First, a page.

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Update on the Diagnosis and Treatment of Hyperthyroidism
 

Update on the Diagnosis and Treatment of Hyperthyroidism

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    Update on the Diagnosis and Treatment of Hyperthyroidism Update on the Diagnosis and Treatment of Hyperthyroidism Document Transcript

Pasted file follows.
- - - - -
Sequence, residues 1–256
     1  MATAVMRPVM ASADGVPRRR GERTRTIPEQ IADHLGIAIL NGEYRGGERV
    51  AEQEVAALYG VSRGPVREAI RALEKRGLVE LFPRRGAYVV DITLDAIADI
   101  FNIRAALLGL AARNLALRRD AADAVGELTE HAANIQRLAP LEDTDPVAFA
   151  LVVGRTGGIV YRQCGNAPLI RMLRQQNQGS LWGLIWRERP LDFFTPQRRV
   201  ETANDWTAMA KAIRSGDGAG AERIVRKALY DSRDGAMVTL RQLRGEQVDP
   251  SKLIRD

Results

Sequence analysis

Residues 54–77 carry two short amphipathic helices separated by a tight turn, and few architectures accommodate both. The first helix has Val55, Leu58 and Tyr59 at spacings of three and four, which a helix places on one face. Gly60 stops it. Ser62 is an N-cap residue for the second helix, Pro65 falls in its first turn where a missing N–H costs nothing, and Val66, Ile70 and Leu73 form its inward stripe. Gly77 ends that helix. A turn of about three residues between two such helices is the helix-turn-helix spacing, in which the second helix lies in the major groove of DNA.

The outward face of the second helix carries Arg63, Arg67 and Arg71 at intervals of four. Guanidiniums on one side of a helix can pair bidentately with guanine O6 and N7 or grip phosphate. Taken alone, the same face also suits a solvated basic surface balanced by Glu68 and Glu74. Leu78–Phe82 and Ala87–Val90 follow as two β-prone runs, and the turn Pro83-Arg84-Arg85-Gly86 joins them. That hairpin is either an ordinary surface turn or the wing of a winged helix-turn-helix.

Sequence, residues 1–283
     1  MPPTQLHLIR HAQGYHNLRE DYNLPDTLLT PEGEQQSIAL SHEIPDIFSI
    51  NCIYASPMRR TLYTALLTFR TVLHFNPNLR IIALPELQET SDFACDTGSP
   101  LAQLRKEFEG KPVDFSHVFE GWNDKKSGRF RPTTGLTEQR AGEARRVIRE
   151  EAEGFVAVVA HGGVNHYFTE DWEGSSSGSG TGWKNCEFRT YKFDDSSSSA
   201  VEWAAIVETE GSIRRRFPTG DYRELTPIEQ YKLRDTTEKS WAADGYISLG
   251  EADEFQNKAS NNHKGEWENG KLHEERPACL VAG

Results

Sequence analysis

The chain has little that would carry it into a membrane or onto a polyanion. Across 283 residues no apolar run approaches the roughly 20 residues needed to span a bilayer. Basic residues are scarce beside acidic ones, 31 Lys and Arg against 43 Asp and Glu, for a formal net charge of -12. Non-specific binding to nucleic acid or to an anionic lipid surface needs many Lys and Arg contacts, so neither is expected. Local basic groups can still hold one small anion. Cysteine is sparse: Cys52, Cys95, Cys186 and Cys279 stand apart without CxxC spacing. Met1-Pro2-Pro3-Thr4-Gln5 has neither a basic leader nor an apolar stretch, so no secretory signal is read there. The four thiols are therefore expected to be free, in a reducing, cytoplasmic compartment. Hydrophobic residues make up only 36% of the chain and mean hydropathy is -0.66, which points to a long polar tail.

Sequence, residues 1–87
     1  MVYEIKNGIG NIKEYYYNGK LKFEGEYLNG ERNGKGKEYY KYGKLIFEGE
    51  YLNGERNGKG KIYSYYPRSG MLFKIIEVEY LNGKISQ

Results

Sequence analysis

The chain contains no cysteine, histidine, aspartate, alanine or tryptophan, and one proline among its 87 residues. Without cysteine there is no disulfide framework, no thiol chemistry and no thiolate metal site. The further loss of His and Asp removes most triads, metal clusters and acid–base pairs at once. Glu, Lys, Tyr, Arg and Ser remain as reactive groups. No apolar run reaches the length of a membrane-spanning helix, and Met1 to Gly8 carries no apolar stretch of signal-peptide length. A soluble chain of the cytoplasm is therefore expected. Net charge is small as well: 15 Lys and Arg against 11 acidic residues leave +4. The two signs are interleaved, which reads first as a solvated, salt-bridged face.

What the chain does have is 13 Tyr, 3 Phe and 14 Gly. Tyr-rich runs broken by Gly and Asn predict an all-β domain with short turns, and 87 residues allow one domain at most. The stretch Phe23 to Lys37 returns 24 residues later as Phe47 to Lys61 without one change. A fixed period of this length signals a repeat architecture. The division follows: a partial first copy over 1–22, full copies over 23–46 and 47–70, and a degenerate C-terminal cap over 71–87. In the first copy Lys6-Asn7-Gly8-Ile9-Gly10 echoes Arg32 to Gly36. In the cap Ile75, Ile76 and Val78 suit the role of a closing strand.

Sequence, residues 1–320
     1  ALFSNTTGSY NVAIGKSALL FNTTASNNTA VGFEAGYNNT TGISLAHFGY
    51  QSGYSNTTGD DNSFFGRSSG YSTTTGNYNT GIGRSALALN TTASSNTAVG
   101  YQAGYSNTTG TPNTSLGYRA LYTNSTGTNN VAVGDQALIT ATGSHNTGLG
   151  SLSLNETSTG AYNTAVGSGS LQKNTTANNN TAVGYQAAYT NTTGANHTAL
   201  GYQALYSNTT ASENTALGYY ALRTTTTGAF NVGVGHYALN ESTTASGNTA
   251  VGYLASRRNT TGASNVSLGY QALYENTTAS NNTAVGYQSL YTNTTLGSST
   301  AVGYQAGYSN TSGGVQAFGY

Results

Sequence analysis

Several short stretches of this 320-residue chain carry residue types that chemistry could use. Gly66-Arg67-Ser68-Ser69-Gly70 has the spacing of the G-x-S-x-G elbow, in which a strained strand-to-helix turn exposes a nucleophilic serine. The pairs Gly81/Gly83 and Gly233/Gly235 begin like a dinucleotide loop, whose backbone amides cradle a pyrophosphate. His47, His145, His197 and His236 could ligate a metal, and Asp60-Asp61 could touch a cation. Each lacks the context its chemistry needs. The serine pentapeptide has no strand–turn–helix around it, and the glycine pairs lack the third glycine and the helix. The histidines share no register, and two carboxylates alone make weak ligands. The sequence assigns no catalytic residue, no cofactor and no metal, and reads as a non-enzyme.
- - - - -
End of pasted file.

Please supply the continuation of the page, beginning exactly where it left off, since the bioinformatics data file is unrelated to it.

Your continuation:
• HypertHyroidism Update on the Diagnosis and Treatment of Hyperthyroidism Case Study and Commentary, Elias S. Siraj, MD CAse stUdy initial presentation Cme jointly sponsored by Wayne state University school of medicine A 25-year-old woman presents to her physician and JCom with symptoms of fatigue, headaches, and fluctuat- ing weight. On examination, vital signs are within normal This article has a companion CME exam that follows range. Body mass index (BMI) is 28 kg/m2. Thyroid examina- the article. To earn credit, read the article and com- tion is unremarkable. A thyroid-stimulating hormone (TSH) plete the CME evaluation on pages 306 and 307. Estimated time to complete this activity is 1 hour. level is ordered and found to be low at 0.1 mIU/L (reference Faculty disclosure information appears on page 304. range, 0.5–5.0 mIU/L). Free levorotatory thyroxine (T4) and Release date: 15 June 2008; valid for credit through free triiodothyronine (T3) levels are subsequently checked 30 June 2009. and found to be normal. program Audience Primary care physicians. • How should the results of the patient’s thyroid function educational Needs Addressed tests be interpreted? Signs and symptoms of hyperthyroidism are wide- ranging and the frequency and severity of symp- toms can vary, which makes diagnosis a chal- A patient with low TSH and normal T4 and T3 is consid- lenge. Primary care physicians are often the first ered to have subclinical hyperthyroidism. Typically, these to evaluate these patients. A detailed evaluation patients do not have clear signs and symptoms of hyper- that includes questions about extent and duration thyroidism. The prevalence of subclinical hyperthyroidism of symptoms, past medical history, family history, ranges from 0.7% to 12.4%. This variability is partly due to physical examination (including thyroid examina- differences among studies in the definition of a low serum tion), and appropriate laboratory tests can help TSH value [1–4]. guide the treating physician to the etiology. Proper The causes of subclinical hyperthyroidism are similar to management depends on properly identifying the cause of hyperthyroidism. Regular monitoring for those of overt hyperthyroidism (Table 1). The most common changes in thyroid function is required, as progno- causes of subclinical hyperthyroidism are sis can be adversely affected if a euthyroid state • Exogenous administration of levothyroxine for treating is not maintained. hypothyroidism. Among patients taking levothyroxine, educational objectives as many as 25% may have low serum TSH values [5] After participating in this CME activity, primary care • Autonomously functioning thyroid adenomas and physicians should be able to multinodular goiters 1. Differentiate between etiologies of hyperthy- roidism • Subacute thyroiditis 2. Describe management options for subclinical hyperthyroidism • Less commonly, Graves’ disease 3. Outline the typical course of and management strategies for subacute thyroiditis 4. Understand the approach to diagnosis and management of Graves’ disease 5. Describe signs and symptoms of thyroid storm From the Department of Medicine, Section of Endocrinology, Diabetes and Metabolism, Temple University School of Medicine, Philadelphia, PA. 298 JCOM June 2008 Vol. 15, No. 6 www.turner-white.com